img_7439I help organize monthly events for Internations, I explain to him.. even that small taste of event planning in Senegal allows me to personally sympathize with his efforts. Still on the high of the morning’s excitement he tells me that they’ll soon begin planning for next year’s event. May we have an enjoyable run around the lake like this every year, we say…may it be so… Inshallah

Arms raised to me


Raising one hand, marvel at the mechanisms, the magic, the life-force creation here around, in soil, sun and sand.

Raise the other hand and the spirit slips through my fingers, its natural rhythm is in flight with the flocks, in tune with trance of trickling of the stream, with the whistle of the wind. It would flee from me.

Instead it is trapped, worse off than the wild mustang brought to the bit to be broken,
it is chained inside a human body,
this, this so wondrous and so futile, so fragile,
flung here to be ripped apart yet again

and in the light spilling through the gaps

to be brought to our knees to laugh, to smile, to cry again.

To gaze at ourselves now opened, perhaps more free this way, perhaps more.

The ocean’s waves next to me, the bird’s wings above, a constant reminder.
The ultimate tease.
To say
You, there. You on the ground below with your arms raised to me.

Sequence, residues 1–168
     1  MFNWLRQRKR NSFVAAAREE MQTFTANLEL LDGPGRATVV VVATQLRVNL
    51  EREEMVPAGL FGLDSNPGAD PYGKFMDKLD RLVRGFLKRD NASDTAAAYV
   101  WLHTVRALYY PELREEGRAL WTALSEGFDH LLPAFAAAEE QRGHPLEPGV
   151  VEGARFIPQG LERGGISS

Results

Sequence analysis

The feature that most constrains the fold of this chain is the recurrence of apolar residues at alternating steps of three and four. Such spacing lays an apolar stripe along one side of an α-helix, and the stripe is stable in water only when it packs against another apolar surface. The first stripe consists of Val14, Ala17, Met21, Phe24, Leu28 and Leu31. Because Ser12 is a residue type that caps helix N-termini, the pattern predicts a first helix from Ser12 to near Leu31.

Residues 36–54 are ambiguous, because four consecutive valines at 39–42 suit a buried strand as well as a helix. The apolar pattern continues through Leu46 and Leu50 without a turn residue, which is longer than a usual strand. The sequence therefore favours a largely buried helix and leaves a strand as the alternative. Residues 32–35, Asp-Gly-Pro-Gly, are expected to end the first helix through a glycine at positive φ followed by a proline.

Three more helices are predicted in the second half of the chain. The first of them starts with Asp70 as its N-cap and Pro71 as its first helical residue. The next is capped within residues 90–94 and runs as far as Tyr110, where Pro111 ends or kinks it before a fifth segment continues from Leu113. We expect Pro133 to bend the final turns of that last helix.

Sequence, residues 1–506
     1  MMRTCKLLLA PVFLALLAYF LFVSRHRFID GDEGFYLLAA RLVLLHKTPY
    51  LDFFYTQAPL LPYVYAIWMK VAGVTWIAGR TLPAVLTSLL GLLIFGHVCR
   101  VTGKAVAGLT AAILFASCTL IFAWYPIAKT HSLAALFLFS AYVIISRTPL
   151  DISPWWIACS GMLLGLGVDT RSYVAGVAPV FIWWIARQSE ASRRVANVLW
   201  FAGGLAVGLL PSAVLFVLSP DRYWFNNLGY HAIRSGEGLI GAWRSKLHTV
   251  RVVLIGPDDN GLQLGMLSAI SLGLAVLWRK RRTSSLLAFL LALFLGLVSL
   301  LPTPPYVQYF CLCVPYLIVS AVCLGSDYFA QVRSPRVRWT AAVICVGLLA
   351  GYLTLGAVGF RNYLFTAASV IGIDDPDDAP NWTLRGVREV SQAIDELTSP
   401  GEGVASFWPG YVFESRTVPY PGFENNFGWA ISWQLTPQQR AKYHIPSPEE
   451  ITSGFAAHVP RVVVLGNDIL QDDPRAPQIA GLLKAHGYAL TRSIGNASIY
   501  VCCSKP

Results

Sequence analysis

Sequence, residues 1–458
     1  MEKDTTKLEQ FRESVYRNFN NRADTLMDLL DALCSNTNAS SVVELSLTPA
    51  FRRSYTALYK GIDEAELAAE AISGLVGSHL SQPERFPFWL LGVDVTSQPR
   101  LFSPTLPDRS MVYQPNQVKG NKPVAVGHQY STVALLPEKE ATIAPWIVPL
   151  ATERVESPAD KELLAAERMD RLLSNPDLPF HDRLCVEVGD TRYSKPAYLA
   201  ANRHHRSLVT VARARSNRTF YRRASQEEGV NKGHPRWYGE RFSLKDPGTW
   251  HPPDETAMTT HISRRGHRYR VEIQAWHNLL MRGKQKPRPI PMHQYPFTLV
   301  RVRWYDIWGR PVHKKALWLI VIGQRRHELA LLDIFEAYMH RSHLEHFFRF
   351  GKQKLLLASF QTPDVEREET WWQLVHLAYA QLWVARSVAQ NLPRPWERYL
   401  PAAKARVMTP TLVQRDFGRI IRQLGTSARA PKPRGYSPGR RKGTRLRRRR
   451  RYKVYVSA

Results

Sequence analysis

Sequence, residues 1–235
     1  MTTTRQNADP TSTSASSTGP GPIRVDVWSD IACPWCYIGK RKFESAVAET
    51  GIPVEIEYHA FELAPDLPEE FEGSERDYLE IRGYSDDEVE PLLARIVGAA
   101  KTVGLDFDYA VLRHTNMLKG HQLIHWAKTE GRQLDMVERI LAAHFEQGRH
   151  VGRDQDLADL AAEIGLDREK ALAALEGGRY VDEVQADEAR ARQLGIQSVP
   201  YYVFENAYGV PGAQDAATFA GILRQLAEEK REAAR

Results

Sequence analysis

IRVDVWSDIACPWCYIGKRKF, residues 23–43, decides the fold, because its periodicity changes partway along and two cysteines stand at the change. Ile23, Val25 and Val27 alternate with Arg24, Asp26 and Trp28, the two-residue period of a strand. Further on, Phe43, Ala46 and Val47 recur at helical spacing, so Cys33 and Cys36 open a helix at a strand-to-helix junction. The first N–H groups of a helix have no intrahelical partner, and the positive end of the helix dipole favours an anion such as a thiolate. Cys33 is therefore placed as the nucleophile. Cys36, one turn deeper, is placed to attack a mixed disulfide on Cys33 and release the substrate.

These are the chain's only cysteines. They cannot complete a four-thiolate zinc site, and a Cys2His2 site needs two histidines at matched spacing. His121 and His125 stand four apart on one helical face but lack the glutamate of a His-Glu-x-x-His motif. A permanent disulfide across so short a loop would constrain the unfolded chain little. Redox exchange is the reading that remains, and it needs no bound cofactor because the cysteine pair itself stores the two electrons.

You are everything,
I’m not mocking you.
The bird’s beak twists to the side, and says again, in animal wisdom,
and yet
yes, you
you are so helpless.

The Journey of a single bag of rice – Part I

At first glance, unloading cargo from a vessel looks like a horde of ants invading a juicy piece of cake. The vessel is huge, the people are little, and up and down the swaying ladder attached to the side of the ship, we (underwriters), insurers, other surveyors, dockers and supervisors climb on board to join the crew and get down to work. On the paperwork side onboard, everyone gets settled in the Chief Officer’s cabin and starts producing and signing tally sheets, daily reports and other papers. This temporary office will be the creation space of a vast paper trail that will allow the tracking of every single bag of rice during the unloading operations.*

lifting cargo out

unloading cargo

unloading cargo2